Course Website Locator: epi202-01

Harvard School of Public Health

The following course websites match your request:

Fall 2 2009

Dr. M. Mittleman
2.5 credits
Lectures, seminars. Two 2-hour sessions and one 2-hour seminar each week.

Introduces elements of study design, data analysis and inference in epidemiologic research. Principles and methods are illustrated with examples, and reviewed through homework and in-class exercises. May serve as an introduction to more advanced study or as a concluding course for those desiring a working knowledge of epidemiologic methods.

Course Note: EPI 201, EPI500, or EPI208 required - This course is intended to by taken in conjunction with EPI201 to complete the equivalent of a full semester course in Epidemiologic Methods. BIO 201, or BIO 202 and 203; or BIO 206 and BIO 207, BIO 208 or BIO 209 required - concurrent enrollment permitted. Thursday or Friday lab; sign up for appropriate section at first class meeting.

Course evaluations are an important method for feedback on the quality of course offerings. The submission of a course evaluation is a requirement for this course. Your grade for the course will be made available only after you have submitted responses to at least the first three questions of the on-line evaluation for this course.

Summer 2 2009

Dr. M. Mittleman
2.5 credits
Lectures, seminars. Five 2-hour sessions each week.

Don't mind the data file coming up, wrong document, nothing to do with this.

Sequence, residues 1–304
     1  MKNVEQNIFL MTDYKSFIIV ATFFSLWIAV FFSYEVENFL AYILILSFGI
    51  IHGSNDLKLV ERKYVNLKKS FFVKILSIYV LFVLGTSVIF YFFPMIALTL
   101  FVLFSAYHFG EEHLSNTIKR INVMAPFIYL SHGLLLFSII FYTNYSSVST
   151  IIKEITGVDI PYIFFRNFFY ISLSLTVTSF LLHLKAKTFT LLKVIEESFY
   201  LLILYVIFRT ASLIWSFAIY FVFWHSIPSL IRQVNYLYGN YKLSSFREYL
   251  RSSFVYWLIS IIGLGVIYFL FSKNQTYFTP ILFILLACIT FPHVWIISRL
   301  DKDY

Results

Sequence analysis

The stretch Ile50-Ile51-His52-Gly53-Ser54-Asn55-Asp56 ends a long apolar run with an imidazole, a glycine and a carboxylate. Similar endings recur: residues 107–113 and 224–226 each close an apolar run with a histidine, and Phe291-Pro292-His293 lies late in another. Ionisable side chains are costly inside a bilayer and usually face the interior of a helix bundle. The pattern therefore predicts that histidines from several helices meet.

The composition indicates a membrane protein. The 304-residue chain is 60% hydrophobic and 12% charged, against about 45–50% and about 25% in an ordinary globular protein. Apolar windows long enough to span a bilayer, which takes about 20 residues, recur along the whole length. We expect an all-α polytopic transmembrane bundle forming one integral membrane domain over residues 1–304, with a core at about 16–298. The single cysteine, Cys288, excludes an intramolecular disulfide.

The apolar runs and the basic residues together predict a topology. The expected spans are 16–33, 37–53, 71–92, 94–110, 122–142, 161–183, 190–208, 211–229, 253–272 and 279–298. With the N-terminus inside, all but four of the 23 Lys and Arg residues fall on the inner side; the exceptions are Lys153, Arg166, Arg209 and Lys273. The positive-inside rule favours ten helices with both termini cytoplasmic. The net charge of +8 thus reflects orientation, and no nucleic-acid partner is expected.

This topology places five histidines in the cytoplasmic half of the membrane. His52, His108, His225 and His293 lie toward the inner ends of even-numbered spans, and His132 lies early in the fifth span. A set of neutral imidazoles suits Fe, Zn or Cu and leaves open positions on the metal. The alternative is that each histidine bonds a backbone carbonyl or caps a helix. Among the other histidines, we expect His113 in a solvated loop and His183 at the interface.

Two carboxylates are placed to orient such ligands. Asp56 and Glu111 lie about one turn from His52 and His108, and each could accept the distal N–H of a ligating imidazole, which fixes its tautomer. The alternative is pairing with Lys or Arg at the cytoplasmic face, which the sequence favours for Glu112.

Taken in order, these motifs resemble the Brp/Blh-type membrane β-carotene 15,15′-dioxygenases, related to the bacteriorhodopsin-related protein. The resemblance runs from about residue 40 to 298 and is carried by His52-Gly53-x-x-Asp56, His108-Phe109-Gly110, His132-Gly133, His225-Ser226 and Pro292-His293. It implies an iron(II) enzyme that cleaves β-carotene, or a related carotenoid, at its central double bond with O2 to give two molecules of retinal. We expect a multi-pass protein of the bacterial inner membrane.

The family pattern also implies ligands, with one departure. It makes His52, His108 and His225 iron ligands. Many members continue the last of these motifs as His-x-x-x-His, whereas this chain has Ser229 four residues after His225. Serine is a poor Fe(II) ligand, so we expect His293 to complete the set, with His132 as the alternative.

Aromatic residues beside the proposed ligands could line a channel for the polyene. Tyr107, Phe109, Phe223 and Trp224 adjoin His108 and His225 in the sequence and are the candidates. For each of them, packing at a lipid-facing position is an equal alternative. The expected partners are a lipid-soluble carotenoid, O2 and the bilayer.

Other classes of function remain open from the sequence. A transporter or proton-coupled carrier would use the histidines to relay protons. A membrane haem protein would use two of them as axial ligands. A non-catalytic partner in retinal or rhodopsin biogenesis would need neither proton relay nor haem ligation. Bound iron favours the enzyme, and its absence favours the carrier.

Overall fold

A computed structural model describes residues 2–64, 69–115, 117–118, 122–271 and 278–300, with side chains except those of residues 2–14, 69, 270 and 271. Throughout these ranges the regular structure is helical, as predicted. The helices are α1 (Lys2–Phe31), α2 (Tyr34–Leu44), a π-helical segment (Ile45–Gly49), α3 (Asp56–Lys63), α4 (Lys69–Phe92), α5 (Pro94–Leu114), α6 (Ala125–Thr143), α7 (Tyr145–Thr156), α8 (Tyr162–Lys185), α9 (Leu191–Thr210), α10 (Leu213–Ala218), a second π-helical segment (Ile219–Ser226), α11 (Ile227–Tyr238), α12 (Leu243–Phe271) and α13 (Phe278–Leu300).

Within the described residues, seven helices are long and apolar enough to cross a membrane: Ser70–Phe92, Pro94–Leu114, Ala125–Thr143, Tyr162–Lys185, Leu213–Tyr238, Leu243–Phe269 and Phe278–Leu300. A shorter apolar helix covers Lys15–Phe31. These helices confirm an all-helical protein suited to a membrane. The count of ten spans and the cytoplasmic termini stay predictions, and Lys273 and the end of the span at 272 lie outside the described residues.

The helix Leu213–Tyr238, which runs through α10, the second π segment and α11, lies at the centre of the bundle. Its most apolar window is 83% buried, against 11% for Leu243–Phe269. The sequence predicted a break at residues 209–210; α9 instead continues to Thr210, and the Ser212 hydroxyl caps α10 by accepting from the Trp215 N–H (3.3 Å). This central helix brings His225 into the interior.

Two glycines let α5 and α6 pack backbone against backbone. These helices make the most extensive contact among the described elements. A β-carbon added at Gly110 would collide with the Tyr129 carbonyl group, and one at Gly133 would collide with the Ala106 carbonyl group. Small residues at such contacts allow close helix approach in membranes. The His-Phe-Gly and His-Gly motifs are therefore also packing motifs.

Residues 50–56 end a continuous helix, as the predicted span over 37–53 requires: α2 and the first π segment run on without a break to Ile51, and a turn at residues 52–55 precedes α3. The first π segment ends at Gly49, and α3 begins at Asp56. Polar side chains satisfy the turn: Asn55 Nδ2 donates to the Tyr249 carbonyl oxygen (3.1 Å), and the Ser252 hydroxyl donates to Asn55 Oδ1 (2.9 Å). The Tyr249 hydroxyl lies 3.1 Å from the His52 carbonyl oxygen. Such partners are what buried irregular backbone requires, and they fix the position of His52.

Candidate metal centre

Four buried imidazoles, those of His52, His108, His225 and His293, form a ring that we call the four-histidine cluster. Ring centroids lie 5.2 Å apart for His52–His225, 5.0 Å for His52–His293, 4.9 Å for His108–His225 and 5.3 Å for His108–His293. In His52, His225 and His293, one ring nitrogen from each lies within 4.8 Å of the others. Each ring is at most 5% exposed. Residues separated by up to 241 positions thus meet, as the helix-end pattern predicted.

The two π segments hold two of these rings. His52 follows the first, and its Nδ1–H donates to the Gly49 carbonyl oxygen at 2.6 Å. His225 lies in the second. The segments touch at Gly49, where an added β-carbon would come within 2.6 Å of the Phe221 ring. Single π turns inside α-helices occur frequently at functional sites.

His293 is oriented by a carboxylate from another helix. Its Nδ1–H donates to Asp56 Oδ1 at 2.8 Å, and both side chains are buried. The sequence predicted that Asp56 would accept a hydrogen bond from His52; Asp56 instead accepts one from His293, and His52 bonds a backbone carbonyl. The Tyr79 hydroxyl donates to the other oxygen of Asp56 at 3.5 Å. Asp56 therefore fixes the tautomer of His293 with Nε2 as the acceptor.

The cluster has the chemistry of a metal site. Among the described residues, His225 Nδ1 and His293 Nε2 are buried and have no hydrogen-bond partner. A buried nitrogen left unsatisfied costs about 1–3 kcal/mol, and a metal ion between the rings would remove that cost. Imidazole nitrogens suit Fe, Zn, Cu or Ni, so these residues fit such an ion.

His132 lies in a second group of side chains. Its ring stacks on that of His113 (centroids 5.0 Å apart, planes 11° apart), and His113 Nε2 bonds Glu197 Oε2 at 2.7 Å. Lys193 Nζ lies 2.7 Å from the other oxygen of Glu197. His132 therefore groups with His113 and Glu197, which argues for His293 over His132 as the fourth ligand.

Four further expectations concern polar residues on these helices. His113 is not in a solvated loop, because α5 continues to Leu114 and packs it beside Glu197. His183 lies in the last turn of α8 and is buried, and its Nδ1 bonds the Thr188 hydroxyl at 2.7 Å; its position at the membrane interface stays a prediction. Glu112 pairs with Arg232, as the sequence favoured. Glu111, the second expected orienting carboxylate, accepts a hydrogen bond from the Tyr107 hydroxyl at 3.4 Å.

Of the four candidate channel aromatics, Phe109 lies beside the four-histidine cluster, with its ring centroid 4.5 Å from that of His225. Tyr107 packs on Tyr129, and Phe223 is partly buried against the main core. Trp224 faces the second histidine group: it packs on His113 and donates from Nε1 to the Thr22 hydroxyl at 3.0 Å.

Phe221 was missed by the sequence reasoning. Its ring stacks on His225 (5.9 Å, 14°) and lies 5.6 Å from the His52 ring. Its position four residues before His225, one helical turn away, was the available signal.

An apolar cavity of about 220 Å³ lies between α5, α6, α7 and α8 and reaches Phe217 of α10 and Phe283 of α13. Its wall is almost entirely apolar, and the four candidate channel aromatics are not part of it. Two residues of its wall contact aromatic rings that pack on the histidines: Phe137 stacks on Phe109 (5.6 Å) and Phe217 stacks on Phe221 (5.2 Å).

Introduces elements of study design, data analysis and inference in epidemiologic research. Principles and methods are illustrated with examples, and reviewed through homework and in-class exercises. May serve as an introduction to more advanced study or as a concluding course for those desiring a working knowledge of epidemiologic methods.
Course Note: EPI 200, EPI 201, EPI208, or EPI500 required - concurrent enrollment permitted; BIO 200; or BIO 201; or BIO 202 and 203; or BIO 205; or BIO 219; or BIO 206 and BIO 207, BIO 208 or BIO 209 required - concurrent enrollment permitted.



Course evaluations are an important method for feedback on the quality of course offerings. The submission of a course evaluation is a requirement for this course. Your grade for the course will be made available only after you have submitted responses to at least the first three questions of the on-line evaluation for this course.

Fall 2 2008

Dr. M. Mittleman
2.5 credits
Lectures, seminars. Two 2-hour sessions and one 2-hour seminar each week.

Introduces elements of study design, data analysis and inference in epidemiologic research. Principles and methods are illustrated with examples, and reviewed through homework and in-class exercises. May serve as an introduction to more advanced study or as a concluding course for those desiring a working knowledge of epidemiologic methods.